The average homebuyer earns more than most renters and is far less likely to move. They’re 47, though a third of them are first time buyers – this gro...
The average homebuyer earns more than most renters and is far less likely to move. They’re 47, though a third of them are first time buyers – this group skews younger. Roughly sixty percent of them are married couples, while another ten percent are unmarried couples. But what is the profile of the typical luxury homebuyer?
The average home costs around a quarter million dollars, and building a home costs $100 to $200 dollars per square foot. Custom and luxury homes start at $200 dollars per square foot and can reach upwards of $500 on the high-end side. Homes in the luxury market also tend to be larger. For example, few mid-market homes surpass three thousand square feet, whereas mansions of four to ten thousand feet are somewhat common. However, surveys show that most luxury homebuyers want a home to be a little over three thousand square feet. This is a definite trend away from the mega-mansions.
This is separate from the price of the land the property is built on. This means that most luxury homes start at around a million dollars. In the Dallas luxury real estate market, upscale properties may start at three quarters of a million dollars. But in every case, it also translates to a higher average income for luxury homebuyers than the median income simply to afford the property.
Surveys show that the majority of luxury homebuyers have a median income of half a million to a million dollars. This group includes business owners and upper management.
The luxury real estate market is no longer dominated by Baby Boomers. The average luxury homebuyer is in their late forties, putting them squarely in Generation X. Baby Boomers still account for a third of the luxury home market and millennials account for roughly fifteen percent of luxury home purchases, though that market share will grow as they increase their incomes over time.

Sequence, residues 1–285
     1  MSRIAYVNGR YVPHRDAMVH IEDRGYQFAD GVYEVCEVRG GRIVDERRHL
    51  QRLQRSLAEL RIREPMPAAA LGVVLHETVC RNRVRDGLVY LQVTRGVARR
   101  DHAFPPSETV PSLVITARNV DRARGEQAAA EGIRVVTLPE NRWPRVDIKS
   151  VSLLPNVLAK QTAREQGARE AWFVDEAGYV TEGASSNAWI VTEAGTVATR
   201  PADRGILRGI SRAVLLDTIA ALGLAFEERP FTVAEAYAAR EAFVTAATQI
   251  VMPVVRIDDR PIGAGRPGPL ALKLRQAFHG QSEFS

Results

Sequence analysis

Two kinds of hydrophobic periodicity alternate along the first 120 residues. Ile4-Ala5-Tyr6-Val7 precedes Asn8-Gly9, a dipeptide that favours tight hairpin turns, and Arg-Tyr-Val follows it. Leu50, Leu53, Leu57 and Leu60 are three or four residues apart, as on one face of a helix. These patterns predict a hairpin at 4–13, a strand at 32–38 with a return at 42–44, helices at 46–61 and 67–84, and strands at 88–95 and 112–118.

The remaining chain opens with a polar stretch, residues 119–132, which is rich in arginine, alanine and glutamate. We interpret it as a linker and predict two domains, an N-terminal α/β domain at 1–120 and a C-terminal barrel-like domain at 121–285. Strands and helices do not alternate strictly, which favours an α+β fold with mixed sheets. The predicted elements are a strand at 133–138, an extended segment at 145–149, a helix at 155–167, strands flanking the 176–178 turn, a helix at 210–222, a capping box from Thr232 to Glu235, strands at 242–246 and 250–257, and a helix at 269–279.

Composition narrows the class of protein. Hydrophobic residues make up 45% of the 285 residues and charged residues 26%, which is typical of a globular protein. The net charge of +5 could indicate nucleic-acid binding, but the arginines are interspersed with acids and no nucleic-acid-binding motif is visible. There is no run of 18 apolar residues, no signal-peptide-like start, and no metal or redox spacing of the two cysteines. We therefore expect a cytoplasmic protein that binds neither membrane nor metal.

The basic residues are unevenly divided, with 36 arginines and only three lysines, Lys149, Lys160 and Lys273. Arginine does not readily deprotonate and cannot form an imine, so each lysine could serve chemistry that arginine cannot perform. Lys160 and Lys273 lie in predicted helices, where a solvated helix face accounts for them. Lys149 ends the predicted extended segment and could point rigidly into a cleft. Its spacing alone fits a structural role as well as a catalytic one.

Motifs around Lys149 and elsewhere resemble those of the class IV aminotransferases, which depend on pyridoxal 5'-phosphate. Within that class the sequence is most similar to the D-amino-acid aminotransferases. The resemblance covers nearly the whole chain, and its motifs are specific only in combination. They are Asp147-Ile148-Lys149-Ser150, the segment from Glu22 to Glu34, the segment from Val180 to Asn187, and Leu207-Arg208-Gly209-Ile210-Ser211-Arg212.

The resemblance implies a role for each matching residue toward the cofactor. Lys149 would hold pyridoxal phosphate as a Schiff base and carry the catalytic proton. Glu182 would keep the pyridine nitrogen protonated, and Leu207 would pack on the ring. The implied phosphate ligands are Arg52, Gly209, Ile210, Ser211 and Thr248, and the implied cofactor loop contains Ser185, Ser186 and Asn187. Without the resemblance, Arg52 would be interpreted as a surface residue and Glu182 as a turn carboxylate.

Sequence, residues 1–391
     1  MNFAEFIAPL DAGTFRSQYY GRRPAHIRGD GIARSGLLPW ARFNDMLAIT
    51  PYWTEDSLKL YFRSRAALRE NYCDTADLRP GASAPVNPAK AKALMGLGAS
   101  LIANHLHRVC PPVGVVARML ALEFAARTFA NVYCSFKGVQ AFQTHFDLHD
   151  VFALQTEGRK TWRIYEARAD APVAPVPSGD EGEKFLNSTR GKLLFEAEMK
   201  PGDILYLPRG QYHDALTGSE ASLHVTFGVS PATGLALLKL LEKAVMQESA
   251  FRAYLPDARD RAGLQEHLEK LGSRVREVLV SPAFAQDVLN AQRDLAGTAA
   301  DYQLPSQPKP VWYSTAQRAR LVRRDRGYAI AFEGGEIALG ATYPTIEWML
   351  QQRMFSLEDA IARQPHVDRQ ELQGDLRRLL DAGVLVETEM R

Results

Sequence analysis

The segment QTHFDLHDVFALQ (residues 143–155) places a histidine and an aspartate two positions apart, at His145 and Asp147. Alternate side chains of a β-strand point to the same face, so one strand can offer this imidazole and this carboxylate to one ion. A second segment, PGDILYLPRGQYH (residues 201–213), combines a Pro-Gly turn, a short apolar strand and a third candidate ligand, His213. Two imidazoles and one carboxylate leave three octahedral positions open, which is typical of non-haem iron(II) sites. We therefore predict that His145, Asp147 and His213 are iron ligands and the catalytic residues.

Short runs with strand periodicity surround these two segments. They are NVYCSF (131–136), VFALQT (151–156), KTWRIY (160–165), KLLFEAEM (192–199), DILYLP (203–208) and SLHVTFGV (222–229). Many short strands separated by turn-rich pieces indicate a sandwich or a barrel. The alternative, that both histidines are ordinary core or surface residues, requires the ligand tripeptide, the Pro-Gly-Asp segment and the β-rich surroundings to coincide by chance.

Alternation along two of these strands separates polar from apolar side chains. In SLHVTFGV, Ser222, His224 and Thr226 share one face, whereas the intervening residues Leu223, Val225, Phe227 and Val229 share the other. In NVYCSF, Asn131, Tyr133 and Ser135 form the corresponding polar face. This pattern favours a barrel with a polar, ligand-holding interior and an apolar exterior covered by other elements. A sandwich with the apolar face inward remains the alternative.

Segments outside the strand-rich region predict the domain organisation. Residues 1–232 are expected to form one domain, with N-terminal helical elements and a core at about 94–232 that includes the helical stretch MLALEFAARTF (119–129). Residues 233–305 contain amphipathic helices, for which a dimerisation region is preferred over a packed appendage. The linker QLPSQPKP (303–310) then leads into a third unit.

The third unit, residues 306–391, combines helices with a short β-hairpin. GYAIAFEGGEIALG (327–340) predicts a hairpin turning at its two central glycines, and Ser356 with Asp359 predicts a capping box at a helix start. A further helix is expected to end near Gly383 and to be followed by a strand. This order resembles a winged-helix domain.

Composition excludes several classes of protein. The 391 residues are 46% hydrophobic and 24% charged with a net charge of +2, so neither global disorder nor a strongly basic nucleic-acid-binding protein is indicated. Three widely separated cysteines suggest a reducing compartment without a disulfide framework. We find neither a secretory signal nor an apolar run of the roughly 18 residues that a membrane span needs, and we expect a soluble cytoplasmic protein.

Roughly half of luxury homebuyers state that they want to live in the suburbs. Only fifteen percent say they want to live in an urban area, though this group tends to be downsizing couples or younger individuals tied to high-tech who want to live in the city. More than a fifth of luxury home shoppers say they want to live on scenic waterfront property. This group almost has to choose suburban or rural properties. Only five percent of luxury homebuyers specifically state they want to live on a rural property.
In general, luxury homebuyers like to be close to restaurants and fine dining. They appreciate having outdoor space, both in the form of a yard and nearby parks and walking trails. Homebuyers may value a property for its unique qualities or the area’s reputation. However, a ten to hundred-acre estate is no longer something most luxury homebuyers will even consider.
Relatively few luxury homebuyers today want to manage staff—they actually prefer smart homes that require little upkeep. They prioritize security and privacy. For example, when asked what smart home features they wanted in a luxury home, half or more said a security system. In-ground pools are also popular. Being close to a country club matters less for Millennials than Baby Boomers. On the other hand, Millennials are more likely to buy in an “agri-hood”, a community that offers gardens or fruit trees along walking trails.